Ukraine is giving first priority to health care professionals and care home residents as well as military personnel deployed in Kyiv-controlled areas in the contested eastern regions. It expects more reinforcements soon from China’s CoronaVac jab as well as the BioNTech/Pfizer vaccine, and it has pledged to distribute vaccines to residents of rebel-controlled areas who visit Kyiv-controlled territories, starting in April.
Georgia also hopes to get more supplies soon as well.
Last Monday, Georgian health care officials said they expected their first batches to be delivered in March, after some delays. In the first phase, the country is relying on almost 30,000 doses of the BioNTech/Pfizer vaccine under the global equal-access COVAX initiative, which finally began distribution last week but still faces daunting hurdles in getting rich nations to help the effort.
According to Georgian immunologist and government adviser Bidzina Kulumbegov, Tbilisi plans to vaccinate around 60 percent of its 3.7 million people, a figure that excludes the secessionist regions.
“At this point, COVAX is committed to providing enough vaccines for only 20 percent of the population by the end of 2021,” he told POLITICO. “The country therefore has a deficit of 2.5 million vaccine doses. Bilateral negotiations are currently underway with producers and [other] governments to make up for this shortfall.”
Those vaccines, Kulumbegov added, will only be those with World Health Organization recognition, which to date has just gone to the Oxford/AstraZeneca and BioNTech/Pfizer jabs. As for Sputnik, “it’s my great belief that our country will not introduce it, because of the Russian state’s hostile attitude,” he said.
“Immunization is a tool for gaining political influence during this pandemic,” he said. “Our country should clearly state that when another country occupies 20 percent of our territories, their vaccines will not be used here.”
Moldova looks for options
Moldova, meanwhile, is seeking to get a mix of vaccines across suppliers. The nation of 2.6 million also has a pro-Russian breakaway region, Transnistria, which declared its independence in 1991.
The country expects to obtain an initial batch of 24,570 doses of the BioNTech/Pfizer vaccine under COVAX, as well as 156,000 shots of the Oxford/AstraZeneca jab.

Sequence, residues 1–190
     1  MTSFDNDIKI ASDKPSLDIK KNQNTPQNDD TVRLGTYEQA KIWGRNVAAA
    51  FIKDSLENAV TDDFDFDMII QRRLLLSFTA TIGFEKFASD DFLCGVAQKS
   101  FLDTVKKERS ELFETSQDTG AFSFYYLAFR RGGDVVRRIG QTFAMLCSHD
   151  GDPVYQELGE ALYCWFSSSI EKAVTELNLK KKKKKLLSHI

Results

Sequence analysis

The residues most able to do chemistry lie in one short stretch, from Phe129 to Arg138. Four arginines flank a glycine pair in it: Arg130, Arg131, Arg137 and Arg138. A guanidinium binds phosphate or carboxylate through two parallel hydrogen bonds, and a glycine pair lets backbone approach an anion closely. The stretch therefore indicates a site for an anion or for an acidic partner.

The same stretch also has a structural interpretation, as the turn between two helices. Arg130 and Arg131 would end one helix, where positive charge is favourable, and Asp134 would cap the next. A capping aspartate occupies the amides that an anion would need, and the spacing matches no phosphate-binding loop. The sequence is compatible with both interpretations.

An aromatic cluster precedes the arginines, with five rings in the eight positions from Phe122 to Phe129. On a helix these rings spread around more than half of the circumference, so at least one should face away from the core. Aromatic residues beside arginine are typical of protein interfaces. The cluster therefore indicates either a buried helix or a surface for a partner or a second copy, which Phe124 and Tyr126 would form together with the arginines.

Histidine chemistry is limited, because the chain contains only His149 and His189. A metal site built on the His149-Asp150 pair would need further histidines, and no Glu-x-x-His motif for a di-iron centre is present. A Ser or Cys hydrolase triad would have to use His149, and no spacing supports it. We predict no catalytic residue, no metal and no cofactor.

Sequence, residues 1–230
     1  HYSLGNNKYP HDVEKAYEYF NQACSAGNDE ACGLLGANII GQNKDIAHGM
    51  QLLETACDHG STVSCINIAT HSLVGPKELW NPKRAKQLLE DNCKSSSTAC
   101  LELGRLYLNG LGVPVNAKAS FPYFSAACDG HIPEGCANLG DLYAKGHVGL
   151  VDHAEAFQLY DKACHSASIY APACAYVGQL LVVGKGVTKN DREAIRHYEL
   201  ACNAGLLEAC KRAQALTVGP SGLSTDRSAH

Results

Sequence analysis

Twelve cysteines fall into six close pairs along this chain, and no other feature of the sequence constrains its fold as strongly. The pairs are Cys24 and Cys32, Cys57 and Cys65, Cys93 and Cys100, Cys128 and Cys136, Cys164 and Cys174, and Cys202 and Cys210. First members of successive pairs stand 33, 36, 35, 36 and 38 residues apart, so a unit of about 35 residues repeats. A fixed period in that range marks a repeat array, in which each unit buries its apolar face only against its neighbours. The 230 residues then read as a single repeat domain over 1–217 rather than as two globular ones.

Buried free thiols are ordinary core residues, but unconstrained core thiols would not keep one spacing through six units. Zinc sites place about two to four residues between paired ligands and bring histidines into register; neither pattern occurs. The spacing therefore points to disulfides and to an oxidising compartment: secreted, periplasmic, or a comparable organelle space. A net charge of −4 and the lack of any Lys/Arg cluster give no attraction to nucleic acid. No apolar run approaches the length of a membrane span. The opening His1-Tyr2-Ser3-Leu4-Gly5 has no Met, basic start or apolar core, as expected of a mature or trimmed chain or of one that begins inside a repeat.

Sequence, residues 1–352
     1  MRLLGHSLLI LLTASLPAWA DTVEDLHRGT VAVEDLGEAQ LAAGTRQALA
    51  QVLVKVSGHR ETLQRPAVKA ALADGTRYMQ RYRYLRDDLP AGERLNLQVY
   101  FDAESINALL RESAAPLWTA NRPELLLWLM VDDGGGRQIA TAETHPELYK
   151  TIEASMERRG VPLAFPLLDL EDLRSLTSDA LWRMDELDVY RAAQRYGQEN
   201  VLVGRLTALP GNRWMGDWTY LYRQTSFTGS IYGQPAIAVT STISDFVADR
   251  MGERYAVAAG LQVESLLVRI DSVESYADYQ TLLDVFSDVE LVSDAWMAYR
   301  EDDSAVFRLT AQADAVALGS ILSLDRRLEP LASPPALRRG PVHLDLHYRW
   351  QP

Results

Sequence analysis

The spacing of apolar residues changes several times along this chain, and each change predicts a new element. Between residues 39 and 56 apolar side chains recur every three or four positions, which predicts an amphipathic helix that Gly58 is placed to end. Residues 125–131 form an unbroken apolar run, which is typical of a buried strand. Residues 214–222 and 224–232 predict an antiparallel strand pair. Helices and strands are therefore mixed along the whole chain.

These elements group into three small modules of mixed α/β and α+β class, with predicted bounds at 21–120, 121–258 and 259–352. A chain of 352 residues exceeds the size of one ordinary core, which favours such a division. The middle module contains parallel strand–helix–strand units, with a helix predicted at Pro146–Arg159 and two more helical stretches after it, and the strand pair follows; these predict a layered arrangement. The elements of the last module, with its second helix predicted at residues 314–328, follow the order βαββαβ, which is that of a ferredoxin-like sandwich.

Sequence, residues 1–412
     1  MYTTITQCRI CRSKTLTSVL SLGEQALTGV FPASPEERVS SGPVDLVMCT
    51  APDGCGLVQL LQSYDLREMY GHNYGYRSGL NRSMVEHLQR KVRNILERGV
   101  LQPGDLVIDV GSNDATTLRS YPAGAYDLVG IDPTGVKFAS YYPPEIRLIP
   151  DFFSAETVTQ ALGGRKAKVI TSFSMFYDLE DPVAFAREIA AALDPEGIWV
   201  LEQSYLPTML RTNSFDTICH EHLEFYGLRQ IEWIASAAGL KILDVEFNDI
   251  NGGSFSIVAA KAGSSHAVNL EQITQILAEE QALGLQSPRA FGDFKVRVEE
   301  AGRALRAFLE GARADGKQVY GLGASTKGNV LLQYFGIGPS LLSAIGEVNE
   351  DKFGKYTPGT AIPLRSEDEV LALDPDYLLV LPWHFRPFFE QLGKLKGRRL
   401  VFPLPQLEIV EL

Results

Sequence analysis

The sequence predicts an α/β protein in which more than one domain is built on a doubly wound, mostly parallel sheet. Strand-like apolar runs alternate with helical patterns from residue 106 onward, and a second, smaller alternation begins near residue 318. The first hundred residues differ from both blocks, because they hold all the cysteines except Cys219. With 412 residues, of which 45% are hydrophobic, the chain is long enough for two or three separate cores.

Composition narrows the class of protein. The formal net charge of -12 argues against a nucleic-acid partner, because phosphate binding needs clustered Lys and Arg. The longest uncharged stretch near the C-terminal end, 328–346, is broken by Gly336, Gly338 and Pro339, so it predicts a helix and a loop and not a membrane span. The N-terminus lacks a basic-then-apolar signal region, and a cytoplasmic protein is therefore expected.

Moldova is also getting help from neighboring Romania, an EU member that traditionally has close ties with Moldova. In late December, Romanian President Klaus Iohannis pledged to donate a total of 200,000 doses of the BioNTech/Pfizer vaccine, and on Saturday, the European Commission announced that it had coordinated for 21,600 doses to be sent as part of Romania’s contribution.
In addition, the government has promised to share its vaccines with residents of Transnistria. According to health care officials in Transnistria’s capital, Tiraspol, Moldova has pledged to forward 10 percent of all doses it receives.
Tiraspol, for its part, is making serious preparations to receive the first shots of the BioNTech/Pfizer vaccine soon. On February 18, the region’s president, Vadim Krasnoselsky, instructed his government to consider purchasing a deep-freeze refrigerator suitable for storing the shots. Initially, the guidance was that a temperature of minus 70 degrees Celsius is needed for that jab, although that may be adjusted to a slightly warmer range, according to fresh data.
This marks a departure from Tiraspol’s original plans to vaccinate its population with Sputnik. In late December, Krasnoselsky announced he had sealed an agreement with Russia for an initial 30,000 doses to “vaccinate physicians, teachers and representatives of the security forces of the republic.” But those shots have yet to materialize.
Nicu Popescu, a former foreign minister, believes that Moldova is likely to distribute some of the vaccines to Transnistria once it gets them — even though Moldova, like Ukraine and Georgia, faces a “real humanitarian issue” of distributing vaccines to territories not under its control.
“The first way is to distribute vaccines to the de facto authorities of these [breakaway] regions,” Popescu told POLITICO. “Another way is to set up some kind of medical infrastructure at the border.”
But in contrast to Kyiv, the Moldovan authorities will approve the Sputnik vaccine if it’s green-lit by the EMA, he added.
“This will be an attempt to depoliticize this issue,” he said. “There are no vaccines in Moldova so far, and in such a situation, the most useful and pragmatic thing is to avoid politics.”
This story has been updated with news of Romania’s vaccine donation.
This article is part of POLITICO’s premium policy service: Pro Health Care. From drug pricing, EMA, vaccines, pharma and more, our specialized journalists keep you on top of the topics driving the health care policy agenda. Email [email protected] for a complimentary trial.